At its meeting this past Monday, Bloomington’s redevelopment commission (RDC) approved a $353,052 contract with Renascent for the demolition of 10 buildings south of 1st Street, in the vicinity of Fairview and Rogers streets.
It’s part of the planned new Hopewell neighborhood that is supposed to be developed on the site of the former IU Health hospital at 2nd and Rogers Streets.
Renascent is the same company that brought down the hospital buildings for IU Health.
The extent of the demolition approved on Monday extends from a bit west of Fairview Street to Rogers Street on the east. Listed in the bid package as an “alternate” but not included in the demolition contract is the building at 714 S. Rogers Street.
Responding to a B Square question, housing and neighborhood development (HAND) director John Zody wrote about the 714 Rogers property: “We believe there is some interest in potential redevelopment of the 714 S. Rogers St. property.” Zody added, “To ensure all development options are considered, the RDC will await responses from the active Public Offering before making a final decision related to demolition.”
The public offering that Zody mentioned was approved at the RDC’s meeting a couple of weeks ago. For purposes of the offering, the land was divided into three parts, numbered from east to west, with minimum bids for each part: Block 8 ($1,448,350), Block 9 ($1,448,350), and Block 10 ($664,030).
Approved by the RDC as a part of the demolition package on Monday was the house at 615 1st Street. But 615 1st Street is a structure that is listed as “contributing” in a 2018 survey of historic properties in Bloomington.
At Monday’s RDC meeting Zody noted that the house at 615 1st Street would need to be reviewed by the city’s historic preservation commission (HPC), before it could be demolished.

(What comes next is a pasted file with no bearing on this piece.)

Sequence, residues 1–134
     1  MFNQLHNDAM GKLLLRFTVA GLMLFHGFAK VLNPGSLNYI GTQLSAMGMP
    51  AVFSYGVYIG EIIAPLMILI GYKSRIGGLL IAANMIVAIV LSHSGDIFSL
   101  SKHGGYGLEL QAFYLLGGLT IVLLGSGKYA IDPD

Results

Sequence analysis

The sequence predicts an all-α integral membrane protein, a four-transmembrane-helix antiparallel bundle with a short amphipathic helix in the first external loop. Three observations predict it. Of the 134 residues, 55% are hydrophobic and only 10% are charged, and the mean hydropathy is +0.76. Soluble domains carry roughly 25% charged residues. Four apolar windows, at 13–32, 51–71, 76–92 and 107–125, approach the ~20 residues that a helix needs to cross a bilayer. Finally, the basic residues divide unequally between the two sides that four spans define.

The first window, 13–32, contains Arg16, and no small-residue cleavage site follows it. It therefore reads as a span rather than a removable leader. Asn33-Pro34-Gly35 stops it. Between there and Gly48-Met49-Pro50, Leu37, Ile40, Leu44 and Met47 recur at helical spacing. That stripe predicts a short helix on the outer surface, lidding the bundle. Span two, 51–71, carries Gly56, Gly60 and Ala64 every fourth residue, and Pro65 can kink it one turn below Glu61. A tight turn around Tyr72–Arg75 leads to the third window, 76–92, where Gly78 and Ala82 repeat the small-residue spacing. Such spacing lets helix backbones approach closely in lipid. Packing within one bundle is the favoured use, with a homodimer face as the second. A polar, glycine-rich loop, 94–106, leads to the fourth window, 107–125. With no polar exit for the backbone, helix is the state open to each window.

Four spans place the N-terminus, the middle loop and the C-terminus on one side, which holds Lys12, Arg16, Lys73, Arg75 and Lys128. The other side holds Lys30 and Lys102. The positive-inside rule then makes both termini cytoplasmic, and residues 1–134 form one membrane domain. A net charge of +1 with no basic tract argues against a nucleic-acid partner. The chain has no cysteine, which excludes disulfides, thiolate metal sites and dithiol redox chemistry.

The HPC would consider whether to recommend the property for historic designation or to greenlight a demolition. If the HPC were to recommend historic designation, it would be the Bloomington city council that would need to enact that protection.
At Monday’s meeting, RDC member Randy Cassady expressed some concern about the demolition of a potentially historic structure, even though he said he did not disagree with the reasons for going ahead and demolishing the buildings. Cassady put it like this: “I have very close care and concern for the historic fabric of Bloomington.”
The reasons proceeding with demolition were described by Deb Kunce, with JS Held, which is the RDC’s contracted project manager for the project.
Kunce described how the cost of the demolition would eventually be paid somehow, either now by the RDC, or by a future developer, who would inevitably take the cost out of the deal they did with the RDC. Kunce also indicated that the cost of securing and monitoring a site with vacant buildings should be weighed against the demolition cost.
There’s some question about whether Renascent could be expected to start with the demolition of the other buildings besides the 615 1st Street house, and still eventually demolish the house at the price it bid, which was $8,700. Based on the discussion at the RDC meeting, it’s possible that price was contingent on doing the demolition for all the buildings at the same time.
Responses to the public offering of the land south of 1st Street are supposed to be submitted by Nov. 1.